She thought about her work on the board of the Atlanta Birth Center, a nonprofit that provides prenatal and postpartum care and support to women. She thought about the Atlanta Refugee Supper Club she started to connect recently resettled families with American host families. She thought about her work with mothers who, like her, had struggled with postpartum depression.
“That work lit me up,” Olson recalled.
Could supporting people who were marginalized, overlooked and underestimated be her life’s purpose?
She started connecting with others who’d also left their jobs and, through “a series of dates,” got to know them and why they, too, had opted out of corporate America.
That’s when Olson had her lightbulb moment. The corporate lifestyle — working 60-hour weeks, taking frequent business trips, being tethered to an office year-round even when the kids were out of school — was creating a groundswell of people who felt marginalized by how work happened in corporate America.
“There were all these people who wanted or needed to work in a different way but couldn’t find a way to do so,” she said.
Olson decided she could fix that. The question was, how?
We Are Rosie is born
With her husband’s blessing, Olson took six months to work on a solution.
Although her skill set was primarily sales and marketing, Olson was convinced that, with her connections to some of the biggest corporate brands in the country, she could bring projects to the people she’d met so they could continue working but on their own terms.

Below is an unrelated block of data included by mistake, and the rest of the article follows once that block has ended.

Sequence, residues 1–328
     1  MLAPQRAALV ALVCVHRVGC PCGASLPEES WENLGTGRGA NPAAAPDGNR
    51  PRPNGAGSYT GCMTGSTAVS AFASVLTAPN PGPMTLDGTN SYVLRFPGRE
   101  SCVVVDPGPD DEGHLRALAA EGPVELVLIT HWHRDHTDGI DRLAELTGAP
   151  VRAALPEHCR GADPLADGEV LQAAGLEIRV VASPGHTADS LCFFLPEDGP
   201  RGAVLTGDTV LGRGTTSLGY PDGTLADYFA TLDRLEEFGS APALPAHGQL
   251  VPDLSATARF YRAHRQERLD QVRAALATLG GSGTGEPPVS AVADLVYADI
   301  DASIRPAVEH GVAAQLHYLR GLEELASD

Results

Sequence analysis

In 2018, after convincing her former nanny to join the endeavor, Olson launched We Are Rosie, leveraging proprietary technology and algorithms to match people to flexible, project-based marketing work with Fortune 500 brands, consultancies and ad agencies.
Once “Rosies,” as its freelancers are called, are matched with a project, they are paid weekly and offered full benefits and access to all the other contractors in the community with whom they could collaborate on projects.
Projects range from 20 hours per week for a few months to 40 hours per week for two years. And, while it’s not a requirement for Rosies to be women, the majority are.
Nikki Coleman, who was promoted in February to We Are Rosie’s chief operating officer, is among them. The Canton resident came to the platform the year it was launched after working seven years in marketing for a medical firm.